You can’t ever be sure exactly who is going to slide into the backseat of your sedan or what kind of emotional baggage they’re carrying.
Whether you’ve run into an undesirable situation or need to enforce an agency policy, it’s ultimately up to you to manage your difficult passengers and their negative emotions to keep them safe and satisfied with your service. You can’t control how passengers behave initially, but by engaging them in a positive, assertive way can help avoid escalations.
Diffuse Anger and Stay in Control
Passengers could be on the threshold of losing their tempers for any number of personal reasons. When an incident threatens to tip them over the edge, controlling your reaction is crucial so as not to feed the fire.
If your own anger is rising, taking a deep breath and employing these strategies can help you keep control:
- Maintain neutral body language — stay still and relaxed and make eye contact
- Keep your tone of voice low and steady
- Apologize, empathize and paraphrase their concerns
- Don’t make accusations — begin your phrases with “I” rather than “you”
It is improper for a passenger to take their frustration out on you; however, you are the professional and have the most power to neutralize potentially explosive situations.
Listen With Empathy
Actively listening to passengers’ problems is the first step towards both making them feel recognized and resolving their concerns. More than simply hearing their words, you must try to understand and acknowledge the underlying trouble.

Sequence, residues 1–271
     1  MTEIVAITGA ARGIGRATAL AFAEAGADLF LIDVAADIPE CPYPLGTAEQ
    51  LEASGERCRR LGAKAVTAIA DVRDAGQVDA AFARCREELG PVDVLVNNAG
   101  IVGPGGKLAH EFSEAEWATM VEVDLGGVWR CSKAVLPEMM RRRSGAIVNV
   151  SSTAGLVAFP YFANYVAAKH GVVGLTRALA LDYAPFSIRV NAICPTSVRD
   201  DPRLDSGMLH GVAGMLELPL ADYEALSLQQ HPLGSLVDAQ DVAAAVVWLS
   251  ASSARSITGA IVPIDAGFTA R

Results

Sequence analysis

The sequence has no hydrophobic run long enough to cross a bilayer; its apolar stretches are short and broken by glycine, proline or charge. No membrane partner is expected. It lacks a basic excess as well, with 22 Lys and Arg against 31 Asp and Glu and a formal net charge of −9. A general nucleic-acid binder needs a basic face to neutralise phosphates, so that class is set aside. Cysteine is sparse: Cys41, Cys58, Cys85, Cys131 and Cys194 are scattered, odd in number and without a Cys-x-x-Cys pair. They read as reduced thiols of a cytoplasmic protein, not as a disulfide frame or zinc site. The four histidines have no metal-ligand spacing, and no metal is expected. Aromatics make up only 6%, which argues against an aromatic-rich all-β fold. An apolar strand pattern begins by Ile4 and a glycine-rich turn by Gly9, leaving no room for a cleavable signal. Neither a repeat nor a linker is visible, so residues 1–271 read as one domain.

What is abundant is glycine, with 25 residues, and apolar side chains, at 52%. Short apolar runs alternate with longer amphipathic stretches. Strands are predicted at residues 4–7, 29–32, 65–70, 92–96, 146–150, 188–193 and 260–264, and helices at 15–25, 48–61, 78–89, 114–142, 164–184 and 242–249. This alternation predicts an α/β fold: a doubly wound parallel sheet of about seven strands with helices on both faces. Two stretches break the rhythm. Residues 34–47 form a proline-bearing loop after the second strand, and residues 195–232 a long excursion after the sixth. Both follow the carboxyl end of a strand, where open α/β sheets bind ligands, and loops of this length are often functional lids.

Don’t be afraid to ask for clarification if you don’t initially grasp the issue. Repeat your passengers’ statements back in your own words and ask if you’ve understood them correctly.
Pay special attention to nonverbal communications like facial expressions and sympathetic reactions like nodding. Body language is recognized on a subconscious level and can be very effective at conveying genuine concern.
Communicate Clearly and Assertively
While you don’t want to appear hostile, you don’t want to let your difficult passengers walk all over you either, especially when safety is the issue. Therefore, it’s vital to understand the difference between aggressive and assertive communication.
Aggressive statements are accusatory and imply that you are in the right, and it doesn’t matter what your passengers think. Assertive exchanges stick to the facts and foster mutual understanding and resolution.
Acknowledging passengers’ concerns with an apology almost always helps, even if it’s not your fault — it’s a fast, easy way to communicate your understanding of your passenger’s feelings. If the issue is beyond your control, you can still take responsibility for anything you can do to improve the situation and ask for their cooperation.
About American Risk Management, Inc.
American Risk Management, Inc. (ARM), along with its predecessor entities, has provided public auto business owners with coverage for their vehicles and operations since 1938. We provide coverage to taxis, sedans, limousines, ride-sharing vehicles, sightseeing tours, courtesy shuttles, school shuttles, last-mile delivery, and couriers across the Washington, D.C. metro area. Our expertise and experience in the commercial transportation industry allow us to provide our clients solutions that fit their unique risk profiles. To learn more about what we can offer you, call us today at (202) 547-8700.